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Beginner here and needing advice
Thread poster: Cecile T.

Cecile T.  Identity Verified
United Kingdom
Local time: 22:29
English to French
Feb 16, 2016

Hello all,

please be gentle I am new at this business and this website.

I have been teaching French for many years but only recently decided that, contrarily to what I had been reading for years online I could try and launch myself as an EN to FR translator and that the market isn't saturated like it is mentioned so many times in blogs and websites.

So I am taking the IoLET Diploma, I am reading the numerous French books on linguistics and translation difficulties (from a syntax/lexical/linguistic point of view), but when it comes to trying to find a job here on Proz I feel confused.

Each time I come here I am overwhelmed by the jungle of things to master: how to identify a good company, how to bet/quote for job, not to mention the Translation software that have given me sleepless nights just by reading about it, how to market yourself, training videos to download, etc.

So, how does one start here and get her/his first job?

I am not going anywhere I am persevering in this career choice but I also get a bit stressed every day when I encounter one of the hundreds jargons here that make me feel like I am entering a programming language forum where hackers and IT specialists share among each other their obscure knowledge.

I may enrol next year in a Master in Translation Studies to give me the confidence and professional knowledge that I need.

I love writing and one of my passions is literature. I love sculpting a thought into the gem-sentence and paragraph, hence why I chose to become a translator.

Any advice, any sharing of personal experience is welcome.

[Edited at 2016-02-16 13:11 GMT]

[Edited at 2016-02-16 13:11 GMT]


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xxxIlan Rubin  Identity Verified
Russian Federation
Local time: 01:29
Russian to English
CV Feb 16, 2016

Hi Cecile,

Good luck!

I don't work in your pair so I don't know that market but generally speaking I think you need to build up a CV with past translation experience.

Easier said than done, but...

(1) think about what you have done in the past, even some informal translation you may have done while a student, even if you weren't paid for it, and then put it down on the CV

(2) do some translation jobs even if they are (very) low paying (or maybe for free, eg for charity) just so that you can build up that experience. That may not be PROZ where you get that business from. Personally I can say that PROZ is responsible for less than 5% of my translation and editing business, though I suppose it varies for different people and language combinations. If you can then get those clients to write recommendations on your PROZ profile then even better. With the refugee crisis maybe there is scope to help as an Eng>Fr translator?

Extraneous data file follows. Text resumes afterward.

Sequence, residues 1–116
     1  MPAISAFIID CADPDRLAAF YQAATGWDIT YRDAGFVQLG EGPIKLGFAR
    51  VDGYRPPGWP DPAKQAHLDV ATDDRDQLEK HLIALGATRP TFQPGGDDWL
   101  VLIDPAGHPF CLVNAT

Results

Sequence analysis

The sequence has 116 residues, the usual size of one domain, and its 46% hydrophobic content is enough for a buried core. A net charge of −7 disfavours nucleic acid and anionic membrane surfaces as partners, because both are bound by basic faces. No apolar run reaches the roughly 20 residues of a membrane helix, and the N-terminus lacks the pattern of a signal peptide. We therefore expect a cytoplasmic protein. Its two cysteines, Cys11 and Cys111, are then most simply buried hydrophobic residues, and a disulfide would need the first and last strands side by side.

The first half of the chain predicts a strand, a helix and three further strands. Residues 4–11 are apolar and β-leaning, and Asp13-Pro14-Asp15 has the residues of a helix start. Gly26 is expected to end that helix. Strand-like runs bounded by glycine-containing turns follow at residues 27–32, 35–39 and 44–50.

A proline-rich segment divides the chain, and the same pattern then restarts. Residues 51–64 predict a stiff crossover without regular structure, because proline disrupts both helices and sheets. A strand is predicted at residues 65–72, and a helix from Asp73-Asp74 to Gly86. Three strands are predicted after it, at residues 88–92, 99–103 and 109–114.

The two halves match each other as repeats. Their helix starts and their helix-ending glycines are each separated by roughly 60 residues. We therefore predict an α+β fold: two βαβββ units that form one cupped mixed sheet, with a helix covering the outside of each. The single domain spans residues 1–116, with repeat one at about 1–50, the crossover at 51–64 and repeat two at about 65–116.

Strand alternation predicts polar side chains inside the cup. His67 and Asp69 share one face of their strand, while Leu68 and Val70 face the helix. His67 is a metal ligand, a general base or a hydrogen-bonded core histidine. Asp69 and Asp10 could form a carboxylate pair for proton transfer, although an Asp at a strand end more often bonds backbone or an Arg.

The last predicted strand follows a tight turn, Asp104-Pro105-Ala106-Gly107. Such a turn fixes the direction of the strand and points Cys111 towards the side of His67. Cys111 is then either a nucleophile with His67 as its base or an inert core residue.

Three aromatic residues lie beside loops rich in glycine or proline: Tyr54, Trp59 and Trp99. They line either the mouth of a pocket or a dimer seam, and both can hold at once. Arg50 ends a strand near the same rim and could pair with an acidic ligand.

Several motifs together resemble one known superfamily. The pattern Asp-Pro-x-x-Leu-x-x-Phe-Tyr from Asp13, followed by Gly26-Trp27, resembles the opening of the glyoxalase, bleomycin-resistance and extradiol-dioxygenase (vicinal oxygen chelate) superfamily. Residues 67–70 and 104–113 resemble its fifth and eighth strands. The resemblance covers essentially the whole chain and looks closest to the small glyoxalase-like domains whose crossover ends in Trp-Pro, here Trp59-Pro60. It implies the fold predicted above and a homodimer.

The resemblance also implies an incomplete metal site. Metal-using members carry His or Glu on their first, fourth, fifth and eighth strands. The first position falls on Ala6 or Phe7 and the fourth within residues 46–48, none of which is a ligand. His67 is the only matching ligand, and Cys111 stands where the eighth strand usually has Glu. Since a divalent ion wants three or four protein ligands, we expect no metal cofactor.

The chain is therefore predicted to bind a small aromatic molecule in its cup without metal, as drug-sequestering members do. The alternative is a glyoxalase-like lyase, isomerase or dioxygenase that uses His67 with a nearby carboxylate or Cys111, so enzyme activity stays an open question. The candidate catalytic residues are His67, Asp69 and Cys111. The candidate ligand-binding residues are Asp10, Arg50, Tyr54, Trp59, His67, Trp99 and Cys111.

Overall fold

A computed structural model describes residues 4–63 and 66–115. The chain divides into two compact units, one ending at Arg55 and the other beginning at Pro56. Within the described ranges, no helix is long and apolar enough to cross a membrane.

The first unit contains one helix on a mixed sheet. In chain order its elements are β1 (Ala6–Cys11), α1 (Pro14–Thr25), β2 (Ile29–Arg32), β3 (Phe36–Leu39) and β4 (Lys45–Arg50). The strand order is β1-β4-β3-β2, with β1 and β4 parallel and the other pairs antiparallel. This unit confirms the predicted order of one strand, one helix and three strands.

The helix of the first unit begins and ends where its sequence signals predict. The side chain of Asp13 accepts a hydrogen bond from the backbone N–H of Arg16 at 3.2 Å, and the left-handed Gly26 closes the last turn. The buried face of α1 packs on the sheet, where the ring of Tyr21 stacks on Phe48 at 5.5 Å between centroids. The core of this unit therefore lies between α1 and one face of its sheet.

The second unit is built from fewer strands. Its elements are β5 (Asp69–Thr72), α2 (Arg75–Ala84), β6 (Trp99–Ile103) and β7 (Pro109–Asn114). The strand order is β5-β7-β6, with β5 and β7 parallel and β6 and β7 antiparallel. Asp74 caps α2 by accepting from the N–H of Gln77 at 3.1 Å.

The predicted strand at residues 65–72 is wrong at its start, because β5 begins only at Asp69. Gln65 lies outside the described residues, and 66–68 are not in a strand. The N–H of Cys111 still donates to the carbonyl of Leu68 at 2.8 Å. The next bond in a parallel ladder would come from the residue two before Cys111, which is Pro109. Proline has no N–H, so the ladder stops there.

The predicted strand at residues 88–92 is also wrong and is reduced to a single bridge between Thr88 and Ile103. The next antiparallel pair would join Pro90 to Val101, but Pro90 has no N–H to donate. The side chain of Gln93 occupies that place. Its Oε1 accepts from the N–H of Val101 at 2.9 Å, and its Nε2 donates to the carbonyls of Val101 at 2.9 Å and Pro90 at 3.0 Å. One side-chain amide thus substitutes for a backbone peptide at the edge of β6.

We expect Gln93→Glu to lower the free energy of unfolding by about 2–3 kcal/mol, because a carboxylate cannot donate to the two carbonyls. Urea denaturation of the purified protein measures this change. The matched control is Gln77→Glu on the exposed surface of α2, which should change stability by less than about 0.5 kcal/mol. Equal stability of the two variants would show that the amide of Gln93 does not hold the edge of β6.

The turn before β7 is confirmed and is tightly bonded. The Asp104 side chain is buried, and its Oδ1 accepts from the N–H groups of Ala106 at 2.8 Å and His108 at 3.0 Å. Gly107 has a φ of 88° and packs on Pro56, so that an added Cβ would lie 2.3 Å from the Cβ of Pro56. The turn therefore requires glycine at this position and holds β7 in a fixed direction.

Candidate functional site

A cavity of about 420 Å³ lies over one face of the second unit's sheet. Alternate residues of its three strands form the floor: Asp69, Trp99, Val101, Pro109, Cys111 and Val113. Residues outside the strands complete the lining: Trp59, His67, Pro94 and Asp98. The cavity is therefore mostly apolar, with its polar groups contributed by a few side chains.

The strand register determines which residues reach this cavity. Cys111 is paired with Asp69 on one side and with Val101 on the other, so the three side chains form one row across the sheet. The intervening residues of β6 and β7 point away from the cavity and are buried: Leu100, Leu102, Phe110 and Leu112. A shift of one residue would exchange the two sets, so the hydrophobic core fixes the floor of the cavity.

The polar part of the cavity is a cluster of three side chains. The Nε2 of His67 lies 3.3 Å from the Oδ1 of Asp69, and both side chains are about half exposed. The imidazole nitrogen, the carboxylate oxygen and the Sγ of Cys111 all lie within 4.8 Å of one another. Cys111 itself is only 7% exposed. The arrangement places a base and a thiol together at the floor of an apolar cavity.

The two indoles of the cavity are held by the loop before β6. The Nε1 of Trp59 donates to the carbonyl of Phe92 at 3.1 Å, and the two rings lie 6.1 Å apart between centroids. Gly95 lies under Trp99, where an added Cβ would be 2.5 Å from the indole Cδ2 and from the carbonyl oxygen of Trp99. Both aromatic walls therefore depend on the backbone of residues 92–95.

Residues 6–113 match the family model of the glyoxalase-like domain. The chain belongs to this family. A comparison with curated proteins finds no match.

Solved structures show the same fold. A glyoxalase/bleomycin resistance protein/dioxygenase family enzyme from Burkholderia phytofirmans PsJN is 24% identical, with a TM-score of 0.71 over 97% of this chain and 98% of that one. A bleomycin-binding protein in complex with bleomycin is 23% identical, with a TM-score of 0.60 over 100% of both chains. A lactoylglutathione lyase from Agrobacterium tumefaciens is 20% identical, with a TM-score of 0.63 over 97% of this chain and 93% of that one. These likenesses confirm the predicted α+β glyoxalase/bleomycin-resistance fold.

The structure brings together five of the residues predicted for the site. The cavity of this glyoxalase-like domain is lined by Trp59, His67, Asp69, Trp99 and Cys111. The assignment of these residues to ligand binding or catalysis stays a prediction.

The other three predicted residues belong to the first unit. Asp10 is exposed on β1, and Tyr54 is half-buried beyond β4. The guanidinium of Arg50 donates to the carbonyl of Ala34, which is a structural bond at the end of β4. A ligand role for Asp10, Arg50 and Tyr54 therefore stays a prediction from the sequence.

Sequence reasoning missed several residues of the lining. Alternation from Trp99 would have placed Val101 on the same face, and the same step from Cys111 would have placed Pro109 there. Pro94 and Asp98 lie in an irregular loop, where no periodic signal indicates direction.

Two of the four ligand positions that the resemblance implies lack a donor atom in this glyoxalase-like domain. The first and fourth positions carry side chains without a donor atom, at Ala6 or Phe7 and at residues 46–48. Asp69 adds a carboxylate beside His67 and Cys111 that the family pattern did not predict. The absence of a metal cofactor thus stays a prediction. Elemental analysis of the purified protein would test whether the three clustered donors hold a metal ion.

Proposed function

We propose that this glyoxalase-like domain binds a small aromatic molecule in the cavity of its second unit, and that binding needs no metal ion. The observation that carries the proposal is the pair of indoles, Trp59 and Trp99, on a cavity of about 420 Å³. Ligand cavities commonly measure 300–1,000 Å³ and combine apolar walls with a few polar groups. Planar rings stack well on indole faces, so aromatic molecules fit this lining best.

Ilan


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Lingua 5B  Identity Verified
Bosnia and Herzegovina
Local time: 23:29
English to Croatian
+ ...
CAT software not difficult to master. Feb 16, 2016

If you are generally technically savvy and have been using computers for a while, it won't take you long to get a grasp of CAT tools which are mostly required in the industry. You will mostly need them with large projects, often times required by the client.

See what your specializations are, what industries in France trade most with anglophone countries (then try to learn more about those industries and translate in those niches). If you choose a wrong niche (no demand) you may find yourself jobless most of the time.

You should also make a difference between commercial translation and labor of love. Not always will you receive creative or exciting content to translate.

I would advise against doing any work for free, even if it's just for training purposes.

Wishing you the best of luck!


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Cecile T.  Identity Verified
United Kingdom
Local time: 22:29
English to French
TOPIC STARTER
I will research volunteering opportunities Feb 16, 2016

Thank you Ilan.

I looked at translating for free in the past but the serious translation charities are looking for +2 years of experience. However, I will look again.

I think I will contact directly groups and organizations in the fields that interest me personally, and offer free translation and see from there

I am also spending quite some time reading the different posts on this forum, but while I get more familiar with the website, I am none the wiser as to whether CAT software is a good investment or not (but I will definitely not buy any until I am further down in this business).

Thank for being the first person to take the time to advise me


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Cecile T.  Identity Verified
United Kingdom
Local time: 22:29
English to French
TOPIC STARTER
researching the fertile industries/fields Feb 16, 2016

Lingua 5B wrote:

If you are generally technically savvy and have been using computers for a while, it won't take you long to get a grasp of CAT tools which are mostly required in the industry. You will mostly need them with large projects, often times required by the client.

See what your specializations are, what industries in France trade most with anglophone countries (then try to learn more about those industries and translate in those niches). If you choose a wrong niche (no demand) you may find yourself jobless most of the time.

You should also make a difference between commercial translation and labor of love. Not always will you receive creative or exciting content to translate.

I would advise against doing any work for free, even if it's just for training purposes.

Wishing you the best of luck!


Many thanks Lingua 5B!


I need to research the French industries which trade with anglophone ones, you are spot on.

Yes I am realistic, I know that I won't find (much) work in my personal interests areas.